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When Court-Made Rules Fail: Leveraging the Private Market to Stop Misinformation in Advertising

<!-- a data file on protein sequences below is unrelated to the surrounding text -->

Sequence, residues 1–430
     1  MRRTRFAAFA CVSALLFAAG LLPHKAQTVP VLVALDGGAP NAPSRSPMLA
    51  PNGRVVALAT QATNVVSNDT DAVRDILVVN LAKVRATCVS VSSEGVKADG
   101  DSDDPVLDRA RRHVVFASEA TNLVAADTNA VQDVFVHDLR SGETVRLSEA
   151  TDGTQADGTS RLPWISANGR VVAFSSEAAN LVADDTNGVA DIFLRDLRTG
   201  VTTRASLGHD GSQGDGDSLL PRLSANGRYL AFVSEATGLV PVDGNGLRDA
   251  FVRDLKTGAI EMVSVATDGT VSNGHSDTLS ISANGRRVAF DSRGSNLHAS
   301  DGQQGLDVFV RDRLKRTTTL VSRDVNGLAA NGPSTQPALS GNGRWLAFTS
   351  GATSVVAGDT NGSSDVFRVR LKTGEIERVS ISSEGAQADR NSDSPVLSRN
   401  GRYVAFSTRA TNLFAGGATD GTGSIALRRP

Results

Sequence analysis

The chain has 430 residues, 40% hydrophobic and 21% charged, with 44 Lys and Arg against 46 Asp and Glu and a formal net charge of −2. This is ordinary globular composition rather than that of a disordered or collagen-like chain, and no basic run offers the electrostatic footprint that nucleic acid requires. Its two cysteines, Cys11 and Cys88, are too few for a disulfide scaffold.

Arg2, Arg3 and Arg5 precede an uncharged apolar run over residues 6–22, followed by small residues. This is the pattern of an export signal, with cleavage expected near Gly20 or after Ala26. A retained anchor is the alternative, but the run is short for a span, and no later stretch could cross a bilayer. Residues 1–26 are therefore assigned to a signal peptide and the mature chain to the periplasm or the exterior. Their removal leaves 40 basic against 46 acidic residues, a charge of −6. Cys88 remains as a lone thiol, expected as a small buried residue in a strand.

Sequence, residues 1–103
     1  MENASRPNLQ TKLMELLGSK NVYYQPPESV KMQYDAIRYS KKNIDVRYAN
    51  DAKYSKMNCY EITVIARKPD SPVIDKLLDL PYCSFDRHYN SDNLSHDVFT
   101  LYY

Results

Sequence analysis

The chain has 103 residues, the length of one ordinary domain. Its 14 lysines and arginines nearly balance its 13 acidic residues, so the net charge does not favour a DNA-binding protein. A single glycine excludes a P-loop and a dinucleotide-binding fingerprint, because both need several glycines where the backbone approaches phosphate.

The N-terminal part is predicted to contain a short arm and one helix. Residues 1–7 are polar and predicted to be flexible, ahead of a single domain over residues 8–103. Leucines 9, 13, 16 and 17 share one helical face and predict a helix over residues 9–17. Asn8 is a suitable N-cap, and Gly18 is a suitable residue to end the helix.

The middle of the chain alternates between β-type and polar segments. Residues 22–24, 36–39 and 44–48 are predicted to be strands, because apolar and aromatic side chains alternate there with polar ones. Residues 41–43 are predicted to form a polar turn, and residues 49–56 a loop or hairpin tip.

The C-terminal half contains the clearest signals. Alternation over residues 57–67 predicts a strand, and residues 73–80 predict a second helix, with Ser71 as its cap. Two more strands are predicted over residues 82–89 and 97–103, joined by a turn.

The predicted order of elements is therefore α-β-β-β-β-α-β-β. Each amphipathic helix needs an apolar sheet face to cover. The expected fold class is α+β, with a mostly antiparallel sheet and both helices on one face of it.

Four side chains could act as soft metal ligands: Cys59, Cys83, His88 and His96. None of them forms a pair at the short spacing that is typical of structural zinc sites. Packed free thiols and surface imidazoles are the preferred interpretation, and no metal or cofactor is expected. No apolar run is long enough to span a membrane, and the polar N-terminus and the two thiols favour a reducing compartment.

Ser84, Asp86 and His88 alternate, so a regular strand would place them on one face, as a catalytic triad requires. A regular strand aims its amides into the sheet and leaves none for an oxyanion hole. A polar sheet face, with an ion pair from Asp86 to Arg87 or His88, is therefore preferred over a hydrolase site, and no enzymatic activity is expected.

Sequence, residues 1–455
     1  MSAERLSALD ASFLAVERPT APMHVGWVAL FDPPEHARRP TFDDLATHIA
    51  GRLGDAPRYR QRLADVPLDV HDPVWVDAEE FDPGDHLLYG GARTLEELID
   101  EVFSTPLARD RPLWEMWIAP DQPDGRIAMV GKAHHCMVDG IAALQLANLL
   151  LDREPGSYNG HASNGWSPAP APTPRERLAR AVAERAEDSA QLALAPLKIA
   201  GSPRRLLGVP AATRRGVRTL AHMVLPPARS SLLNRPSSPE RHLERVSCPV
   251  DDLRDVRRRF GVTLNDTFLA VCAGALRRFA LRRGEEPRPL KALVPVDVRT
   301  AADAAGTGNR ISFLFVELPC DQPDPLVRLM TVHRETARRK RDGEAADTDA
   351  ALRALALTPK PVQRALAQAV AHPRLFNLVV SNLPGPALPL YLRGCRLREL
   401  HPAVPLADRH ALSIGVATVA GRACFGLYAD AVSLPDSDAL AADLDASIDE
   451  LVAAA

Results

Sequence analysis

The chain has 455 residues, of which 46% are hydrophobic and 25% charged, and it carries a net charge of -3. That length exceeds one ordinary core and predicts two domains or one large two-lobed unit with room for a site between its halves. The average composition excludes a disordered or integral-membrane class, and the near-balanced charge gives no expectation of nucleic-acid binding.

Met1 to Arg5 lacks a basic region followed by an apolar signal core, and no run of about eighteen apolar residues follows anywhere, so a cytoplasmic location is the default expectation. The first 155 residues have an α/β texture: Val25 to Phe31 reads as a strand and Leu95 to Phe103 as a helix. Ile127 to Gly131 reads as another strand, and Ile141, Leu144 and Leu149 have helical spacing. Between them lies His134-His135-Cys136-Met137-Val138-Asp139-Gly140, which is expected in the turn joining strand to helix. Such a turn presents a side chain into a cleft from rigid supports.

The internet has given large corporations huge platforms to spread misinformation in their advertising. Due to the statute of limitations defense, government agencies are unable to effectively discourage this misinformation by themselves. Companies using the defense are more protected from government-led lawsuits the longer they get away with spreading false information, giving them little reason to stop making those misrepresentations. Traditionally, for situations when the statute of limitations defense has produced seemingly inequitable results, courts have developed exceptions to the usual rules of the defense. However, none of the exceptions permit the government to discourage consumer fraud without dismantling the statute of limitations defense. This article argues that because of the statute of limitations defense, government agencies alone are unable to stop misinformation in advertising. Therefore, they should focus their broad investigative powers on exposing the fraud and stopping it with injunctive relief. Once the fraud is exposed, plaintiffs in the private market can seek their own relief. Their lawsuits face much lessrestrictive statute of limitations rules than government-led lawsuits. Corporations will be discouraged from committing fraud because they know that, even if they are successful for a long time, they will remain vulnerable to private plaintiffs. This joint action by the government and the private market will discourage misinformation in advertising without doing undue damage to the statute of limitations defense.

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